Catchy title huh?
A few months ago, I received a preview copy of Why Women Need Fat: How “Healthy” Food Makes Us Gain Excess Weight and the Surprising Solution to Losing It Forever. Last week I finally finished it. The title and description caught my attention, since I’m firmly convinced that the insane amount of vegetable oil in the standard American diet (and dearth of healthy saturated fats) is one of the main causes of myriad health issues, not the least of which is obesity. The book was fascinating, but I have mixed feelings.
Why Women Need Fat is divided into three parts. The first part “Why and How We Got Fatter” documents how health has declined and heart disease and obesity have increased since we reduced saturated fat and increased vegetable oils in our diet. The explanation of how the low-fat and cholesterol myths came to be were great, and the statistics and information were super thorough. I enjoyed the contrast of American women with European women and also American women now versus several decades ago.
Why is it that European women who consume so much more fat than us are slimmer and healthier than us? Why do heart disease and obesity rates continue to skyrocket despite reduced saturated fat intake? There’s a pretty convincing explanation offered, and a great discussion of the hugely out of proportion omega 6 to omega 3 ratio in the modern American diet. I think the book is probably worth reading for this section alone.
The book takes it’s title from part two, “Why Women Need Fat”. After the stage has been set in part one with documentation of the detrimental effects of vegetable oils and the positive effects of saturated fats, an explanation of why women physiologically need more fat is given. I found some of this fascinating too, although I’m not sure I buy everything they say.
The basic premise is that women tend to store fat around their hips, rear, and thighs because this is where the body stores DHA fatty acid (the good omega-3!), which we will need to nourish our babies during pregnancy and nursing. Our body intuitively knows to store DHA for childbearing, and women who eat higher levels of saturated fat and less vegetable oil have higher stores of DHA and don’t store as much excess fat.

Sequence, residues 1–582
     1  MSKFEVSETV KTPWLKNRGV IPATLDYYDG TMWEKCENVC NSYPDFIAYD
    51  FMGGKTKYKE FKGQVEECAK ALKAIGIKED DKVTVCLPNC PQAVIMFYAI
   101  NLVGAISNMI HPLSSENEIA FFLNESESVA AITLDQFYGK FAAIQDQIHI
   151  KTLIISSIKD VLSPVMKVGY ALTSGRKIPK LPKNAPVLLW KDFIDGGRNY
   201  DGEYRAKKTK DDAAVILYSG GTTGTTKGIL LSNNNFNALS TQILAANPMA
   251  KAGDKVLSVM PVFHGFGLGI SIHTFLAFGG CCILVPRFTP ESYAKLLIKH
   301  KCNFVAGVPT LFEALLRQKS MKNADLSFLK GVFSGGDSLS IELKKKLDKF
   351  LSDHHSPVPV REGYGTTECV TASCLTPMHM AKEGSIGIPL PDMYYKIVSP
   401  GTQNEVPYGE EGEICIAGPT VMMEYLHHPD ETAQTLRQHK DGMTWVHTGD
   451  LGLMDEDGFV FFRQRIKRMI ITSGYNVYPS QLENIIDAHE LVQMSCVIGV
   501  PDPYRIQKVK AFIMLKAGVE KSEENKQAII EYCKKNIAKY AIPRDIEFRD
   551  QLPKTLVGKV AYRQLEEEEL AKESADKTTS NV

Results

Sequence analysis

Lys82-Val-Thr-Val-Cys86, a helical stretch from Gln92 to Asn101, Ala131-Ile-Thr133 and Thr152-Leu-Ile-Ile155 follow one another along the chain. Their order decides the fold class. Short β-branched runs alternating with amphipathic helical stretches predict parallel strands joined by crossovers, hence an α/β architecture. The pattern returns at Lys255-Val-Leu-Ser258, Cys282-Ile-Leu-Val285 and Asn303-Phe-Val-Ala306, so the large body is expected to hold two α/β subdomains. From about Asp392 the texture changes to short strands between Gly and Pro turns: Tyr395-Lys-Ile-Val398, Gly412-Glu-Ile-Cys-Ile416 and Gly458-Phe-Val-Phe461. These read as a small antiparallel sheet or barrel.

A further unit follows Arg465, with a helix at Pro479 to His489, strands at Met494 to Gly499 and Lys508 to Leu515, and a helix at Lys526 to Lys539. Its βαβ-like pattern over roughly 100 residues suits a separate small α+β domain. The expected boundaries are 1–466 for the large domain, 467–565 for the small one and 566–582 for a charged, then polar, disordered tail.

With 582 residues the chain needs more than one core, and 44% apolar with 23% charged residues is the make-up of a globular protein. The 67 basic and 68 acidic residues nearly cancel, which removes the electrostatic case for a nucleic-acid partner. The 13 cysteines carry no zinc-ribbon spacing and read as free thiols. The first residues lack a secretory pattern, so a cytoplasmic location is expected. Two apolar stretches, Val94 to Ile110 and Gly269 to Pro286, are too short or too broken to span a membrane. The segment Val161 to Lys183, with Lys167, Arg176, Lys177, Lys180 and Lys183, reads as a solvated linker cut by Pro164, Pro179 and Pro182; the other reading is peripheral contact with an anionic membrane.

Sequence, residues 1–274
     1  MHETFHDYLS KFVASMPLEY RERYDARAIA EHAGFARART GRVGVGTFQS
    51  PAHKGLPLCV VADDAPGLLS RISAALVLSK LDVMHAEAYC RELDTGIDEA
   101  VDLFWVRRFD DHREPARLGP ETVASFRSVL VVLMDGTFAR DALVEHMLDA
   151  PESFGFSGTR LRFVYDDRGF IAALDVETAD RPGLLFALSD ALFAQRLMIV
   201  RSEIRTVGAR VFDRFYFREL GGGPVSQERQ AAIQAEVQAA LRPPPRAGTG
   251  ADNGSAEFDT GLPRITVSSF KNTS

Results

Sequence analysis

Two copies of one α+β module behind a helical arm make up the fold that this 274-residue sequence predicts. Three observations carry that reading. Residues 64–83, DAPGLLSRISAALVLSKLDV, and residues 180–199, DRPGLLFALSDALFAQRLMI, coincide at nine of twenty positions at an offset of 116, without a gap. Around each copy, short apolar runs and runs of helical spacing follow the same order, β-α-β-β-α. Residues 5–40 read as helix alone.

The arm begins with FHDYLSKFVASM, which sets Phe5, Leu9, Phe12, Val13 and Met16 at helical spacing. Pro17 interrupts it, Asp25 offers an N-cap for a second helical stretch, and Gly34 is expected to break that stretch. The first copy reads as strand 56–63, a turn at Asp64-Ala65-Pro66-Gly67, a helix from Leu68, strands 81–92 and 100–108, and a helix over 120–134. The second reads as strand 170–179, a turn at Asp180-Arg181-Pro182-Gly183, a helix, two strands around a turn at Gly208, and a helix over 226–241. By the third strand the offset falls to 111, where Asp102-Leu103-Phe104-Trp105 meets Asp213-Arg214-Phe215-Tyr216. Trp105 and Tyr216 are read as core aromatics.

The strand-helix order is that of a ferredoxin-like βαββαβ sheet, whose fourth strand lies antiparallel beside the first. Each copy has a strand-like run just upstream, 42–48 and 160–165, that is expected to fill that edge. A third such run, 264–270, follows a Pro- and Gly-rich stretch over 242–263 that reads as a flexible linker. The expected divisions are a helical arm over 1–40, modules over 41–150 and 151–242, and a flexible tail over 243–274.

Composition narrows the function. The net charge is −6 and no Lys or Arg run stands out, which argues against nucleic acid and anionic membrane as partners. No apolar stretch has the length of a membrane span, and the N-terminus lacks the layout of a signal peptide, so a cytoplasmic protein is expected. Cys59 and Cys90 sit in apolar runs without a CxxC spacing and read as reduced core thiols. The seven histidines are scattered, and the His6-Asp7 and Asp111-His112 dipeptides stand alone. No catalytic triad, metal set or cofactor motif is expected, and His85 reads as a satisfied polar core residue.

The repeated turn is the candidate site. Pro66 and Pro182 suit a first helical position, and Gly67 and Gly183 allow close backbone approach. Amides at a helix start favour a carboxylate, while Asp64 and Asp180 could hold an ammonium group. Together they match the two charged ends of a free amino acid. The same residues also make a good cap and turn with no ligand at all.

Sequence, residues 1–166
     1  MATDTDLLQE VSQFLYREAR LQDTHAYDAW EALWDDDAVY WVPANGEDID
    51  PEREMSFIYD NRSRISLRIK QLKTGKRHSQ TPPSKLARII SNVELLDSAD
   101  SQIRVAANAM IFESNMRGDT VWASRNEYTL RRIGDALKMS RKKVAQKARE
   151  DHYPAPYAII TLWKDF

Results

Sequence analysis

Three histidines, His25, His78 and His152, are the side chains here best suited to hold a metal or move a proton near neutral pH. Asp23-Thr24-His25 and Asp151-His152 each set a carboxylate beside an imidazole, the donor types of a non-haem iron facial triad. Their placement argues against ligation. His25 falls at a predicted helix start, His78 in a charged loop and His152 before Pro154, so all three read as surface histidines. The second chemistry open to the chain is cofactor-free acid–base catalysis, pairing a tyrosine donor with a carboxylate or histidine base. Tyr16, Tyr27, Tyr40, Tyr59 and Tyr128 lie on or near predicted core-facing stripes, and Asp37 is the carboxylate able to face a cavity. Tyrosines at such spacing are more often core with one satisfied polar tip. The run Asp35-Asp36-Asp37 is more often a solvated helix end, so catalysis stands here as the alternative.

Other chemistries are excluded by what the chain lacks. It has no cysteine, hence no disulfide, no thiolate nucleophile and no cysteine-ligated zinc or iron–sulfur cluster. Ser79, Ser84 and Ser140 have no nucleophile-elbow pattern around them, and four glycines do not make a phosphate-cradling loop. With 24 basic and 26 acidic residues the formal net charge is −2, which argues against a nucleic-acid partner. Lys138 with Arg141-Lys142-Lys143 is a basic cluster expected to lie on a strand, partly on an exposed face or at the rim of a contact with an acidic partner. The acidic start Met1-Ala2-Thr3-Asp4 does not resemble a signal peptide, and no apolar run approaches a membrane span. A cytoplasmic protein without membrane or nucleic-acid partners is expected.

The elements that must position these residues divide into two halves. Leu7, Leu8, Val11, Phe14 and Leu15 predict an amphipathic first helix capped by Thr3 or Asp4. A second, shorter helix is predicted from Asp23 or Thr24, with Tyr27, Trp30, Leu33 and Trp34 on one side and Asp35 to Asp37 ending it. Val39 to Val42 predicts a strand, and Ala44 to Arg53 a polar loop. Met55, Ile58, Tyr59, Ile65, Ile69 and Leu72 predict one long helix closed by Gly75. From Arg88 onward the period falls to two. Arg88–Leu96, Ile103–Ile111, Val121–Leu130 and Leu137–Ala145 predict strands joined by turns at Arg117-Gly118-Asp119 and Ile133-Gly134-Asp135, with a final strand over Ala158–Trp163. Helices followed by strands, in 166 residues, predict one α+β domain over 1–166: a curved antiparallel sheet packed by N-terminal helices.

Also, fat low in DHA tends to be stored more around the waist area instead of in the lower body. And statistically, women who carry more weight around the waist rather than in the lower body have a much higher risk of health issues. As women age, the weight tends to shift more toward the waist as our DHA stores are used up. That’s a very basic, just-skimming-the-surface, summation of the argument made here. There’s a parallel line of reasoning also taken involving the need for wider hips to accommodate big heads/brains that I found much less convincing. Still, I think there is some merit to much of what is said in this section.
The final section, “How To Achieve Your Healthy Natural Weight” attempts to put it all together and give practical steps to achieving your ideal weight. This, I felt, was the weakest part of the book.
I appreciated the emphasis on the fact that everyone’s ideal weight is different, and thin is not necessarily better. Many of the tips were pretty typical, like eating slower, avoiding snacks after dinner, and so on. Meh. Some of the advice didn’t seem to follow the premise of the book! For example: snack on fruits and nuts? Nuts are high in omega 6, which the authors have spent the first two sections telling us we need to decrease! Other tips were good, like the advice to avoid processed foods and vegetable oils and seek out grassfed meat and dairy due to it’s healthier omega 6/omega 3 ratios.
But the dealbreaker for me is their repeated recommendation of canola oil as a healthy oil. Ugh! Manmade canola oil is far from a healthy replacement for polyunsaturated vegetable oils!
Overall, there was a lot of great information in this book. The documentation of the problem was thorough and convincing. The theories about how and why women store fat were thought provoking too. The practical steps offered, though, were for the most part pretty generic; although as I said, I appreciated the emphasis on health over a number on the scale. For the most part, I’d say the book is a worthwhile read, although it’s necessary to “eat the meat and spit out the bones” (and, in my humble opinion, the canola recommendation is a pretty big bone!).
So, my final verdict? Strong on the why and how, weak on the practical. Worth reading, but be aware of the limitations.
Linked with Monday Mania, Real Food Wednesday and Fight Back Friday.
Disclosure: I received a copy of this book in exchange for my honest review. All opinions expressed are my own, and I wasn’t required to give a positive review. Thank you to Hudson Street Press for providing the book.